The human body is not just a matter of anatomy and physiology, of biology on an organismal and cellular level. Anatomy and physiology are each fascinating subjects. But there is so much more to explore.
You are an ecosystem. There are more microbes on and in you than you have human cells. You have protozoans living in the microbial biome that is your gut. There is bacteria all over your skin, producing a microbial cloud around yourself. Your mouth is a microbiome with bacteria unique to you. There are a plethora of microbial species living together in your stomach and intestines - including E. coli. (Your E. coli is a strain specific to you. It's when you get a foreign strain of E. coli, like one accustomed to living in pigs, that you become ill.) You even have bacteria in your lungs. What's more, these microbes are all beneficial ones. They boost your immunity, make you healthier, keep you from getting sick. And while eating yoghurt can help, it isn't enough because such a source usually only contains one species of probiotic; your body's microbial biome contains entire ecosystems of various species of microbes. Furthermore, exposure to bacteria at a young age can prevent allergies, autoimmune disorders, and asthma later in life.
You are a chemical factory. The biochemistry going on in your cells allows them to communicate with each other and manage their inner worlds. Chemistry allows cells to work together in a tissue, and to send out an alert when a protective white blood cell is needed. Cellular respiration is a complex chemical process that keeps you energized. Your senses work by translating external stimuli into chemical signals your brain can understand. A blot clot forms on your skin as a result of a parade of chemical reactions.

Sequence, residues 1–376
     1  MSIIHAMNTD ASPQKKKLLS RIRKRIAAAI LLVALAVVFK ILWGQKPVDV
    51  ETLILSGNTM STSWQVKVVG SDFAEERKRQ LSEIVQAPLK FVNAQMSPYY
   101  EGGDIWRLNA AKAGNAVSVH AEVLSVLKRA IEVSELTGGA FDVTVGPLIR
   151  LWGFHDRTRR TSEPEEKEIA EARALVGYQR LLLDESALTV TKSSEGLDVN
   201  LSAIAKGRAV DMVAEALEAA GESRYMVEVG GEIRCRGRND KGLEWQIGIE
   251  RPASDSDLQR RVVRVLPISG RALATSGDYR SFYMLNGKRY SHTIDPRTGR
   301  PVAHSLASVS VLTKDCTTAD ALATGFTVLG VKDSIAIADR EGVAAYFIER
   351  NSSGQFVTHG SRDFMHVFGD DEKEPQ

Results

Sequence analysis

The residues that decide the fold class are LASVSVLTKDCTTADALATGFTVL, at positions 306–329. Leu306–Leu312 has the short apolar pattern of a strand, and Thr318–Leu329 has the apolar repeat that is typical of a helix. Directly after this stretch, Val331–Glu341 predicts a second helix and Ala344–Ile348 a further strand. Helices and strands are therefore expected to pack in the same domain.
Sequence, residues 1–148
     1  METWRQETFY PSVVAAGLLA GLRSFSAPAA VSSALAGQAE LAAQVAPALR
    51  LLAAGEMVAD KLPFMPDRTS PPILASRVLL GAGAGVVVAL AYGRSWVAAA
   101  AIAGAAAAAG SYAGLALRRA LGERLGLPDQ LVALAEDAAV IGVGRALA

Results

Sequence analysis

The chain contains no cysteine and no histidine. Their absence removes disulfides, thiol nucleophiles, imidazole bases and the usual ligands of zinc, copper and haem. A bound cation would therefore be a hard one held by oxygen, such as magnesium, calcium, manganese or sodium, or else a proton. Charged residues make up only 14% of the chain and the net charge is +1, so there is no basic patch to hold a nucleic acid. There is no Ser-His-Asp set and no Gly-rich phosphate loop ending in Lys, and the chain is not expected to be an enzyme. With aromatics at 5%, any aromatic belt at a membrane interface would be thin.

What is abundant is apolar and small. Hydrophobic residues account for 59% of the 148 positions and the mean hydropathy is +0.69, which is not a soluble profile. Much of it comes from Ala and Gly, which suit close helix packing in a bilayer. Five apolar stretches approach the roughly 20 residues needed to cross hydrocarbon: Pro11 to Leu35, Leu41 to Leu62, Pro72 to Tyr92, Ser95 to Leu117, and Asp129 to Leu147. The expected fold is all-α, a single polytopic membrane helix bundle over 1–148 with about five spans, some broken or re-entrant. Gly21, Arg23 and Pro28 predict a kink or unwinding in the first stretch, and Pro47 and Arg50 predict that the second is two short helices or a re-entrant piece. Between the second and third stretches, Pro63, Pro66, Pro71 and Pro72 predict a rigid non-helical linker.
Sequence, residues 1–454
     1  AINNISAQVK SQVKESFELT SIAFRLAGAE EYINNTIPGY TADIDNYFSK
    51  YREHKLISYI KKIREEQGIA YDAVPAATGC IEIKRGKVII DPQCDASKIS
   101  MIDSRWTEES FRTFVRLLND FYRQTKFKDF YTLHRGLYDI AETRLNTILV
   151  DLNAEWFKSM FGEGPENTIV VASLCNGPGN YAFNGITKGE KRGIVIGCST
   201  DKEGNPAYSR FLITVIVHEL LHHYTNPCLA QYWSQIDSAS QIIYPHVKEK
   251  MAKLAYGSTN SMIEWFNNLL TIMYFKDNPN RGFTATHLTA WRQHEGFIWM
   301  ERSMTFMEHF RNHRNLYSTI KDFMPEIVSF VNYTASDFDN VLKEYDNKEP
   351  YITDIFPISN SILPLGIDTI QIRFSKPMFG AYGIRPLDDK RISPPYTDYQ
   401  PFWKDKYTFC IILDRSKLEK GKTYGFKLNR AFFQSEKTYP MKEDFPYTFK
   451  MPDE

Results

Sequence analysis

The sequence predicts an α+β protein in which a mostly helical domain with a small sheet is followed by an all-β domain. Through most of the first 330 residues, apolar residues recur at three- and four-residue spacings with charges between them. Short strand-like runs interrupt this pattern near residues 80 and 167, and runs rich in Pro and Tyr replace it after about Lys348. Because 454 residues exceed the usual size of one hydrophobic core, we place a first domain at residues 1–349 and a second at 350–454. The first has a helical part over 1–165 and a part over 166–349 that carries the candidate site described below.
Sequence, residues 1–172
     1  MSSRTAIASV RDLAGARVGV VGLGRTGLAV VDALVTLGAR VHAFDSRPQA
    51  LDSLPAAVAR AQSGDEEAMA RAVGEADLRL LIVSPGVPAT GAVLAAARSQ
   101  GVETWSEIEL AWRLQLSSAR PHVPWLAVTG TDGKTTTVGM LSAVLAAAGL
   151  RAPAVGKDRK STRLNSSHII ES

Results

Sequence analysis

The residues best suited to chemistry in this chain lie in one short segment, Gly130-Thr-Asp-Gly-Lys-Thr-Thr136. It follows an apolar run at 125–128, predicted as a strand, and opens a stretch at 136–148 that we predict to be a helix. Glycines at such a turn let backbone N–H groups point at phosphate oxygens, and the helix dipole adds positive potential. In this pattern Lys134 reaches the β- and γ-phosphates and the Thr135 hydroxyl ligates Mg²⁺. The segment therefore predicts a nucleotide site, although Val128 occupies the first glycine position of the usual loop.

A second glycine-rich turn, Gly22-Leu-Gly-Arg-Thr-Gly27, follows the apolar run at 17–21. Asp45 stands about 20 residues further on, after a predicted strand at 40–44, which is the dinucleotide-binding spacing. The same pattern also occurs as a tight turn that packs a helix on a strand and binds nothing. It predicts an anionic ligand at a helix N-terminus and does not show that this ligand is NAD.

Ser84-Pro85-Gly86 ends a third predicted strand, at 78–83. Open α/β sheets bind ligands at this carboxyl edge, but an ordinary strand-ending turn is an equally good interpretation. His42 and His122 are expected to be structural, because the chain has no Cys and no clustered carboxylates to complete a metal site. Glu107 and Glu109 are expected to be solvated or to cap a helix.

You are a living circuit. Your neurons connect with electrical connections, making your brain a constantly changing electrical pathway. The electricity that runs from your brain or spinal cord depends on the flow of ions that create an electric gradient, which is an electric potential - a voltage. This culminates with the electrical stimulation of muscle cells. Electric principles play a role in other parts of your body, too: your DNA is negatively charged, and is stored in your cells around histones. Histones are molecules that are positively charged to attract DNA and keep it wound tight.
You are a mechanical machine. The study of how your bones and muscles work together to produce movement is called biomechanics. Your arms work as levers, your muscles work against gravity with tensile strength, your knees bend when you land from a jump to absorb the shock.
All of these things work together on the various levels that construct you - cells, tissues, organs, systems. You are a masterpiece for biologists, ecologists, chemists, electricians, and physicists to marvel over.
Which leads to the most remarkable thing of all. You are a conscious being, capable of marveling over your own remarkable design.
Check it Out:
Jonathon Eisen's TED Talk: Meet Your Microbes
'Good Bacteria' Key to Stopping Asthma by James Gallagher, BBC News
"The Inner Life of the Cell" at https://www.youtube.com/watch?v=wJyUtbn0O5Y shows what goes on inside your cells on a cellular/molecular level; chemistry is largely what determines what goes on on a molecular level
Idan Segev's course Synapses, Neurons and Brains from Hebrew University of Jerusalem; a MOOC on Coursera.org
Quick video on biomechanics of human arm: https://www.youtube.com/watch?v=ny8k7LUUIEk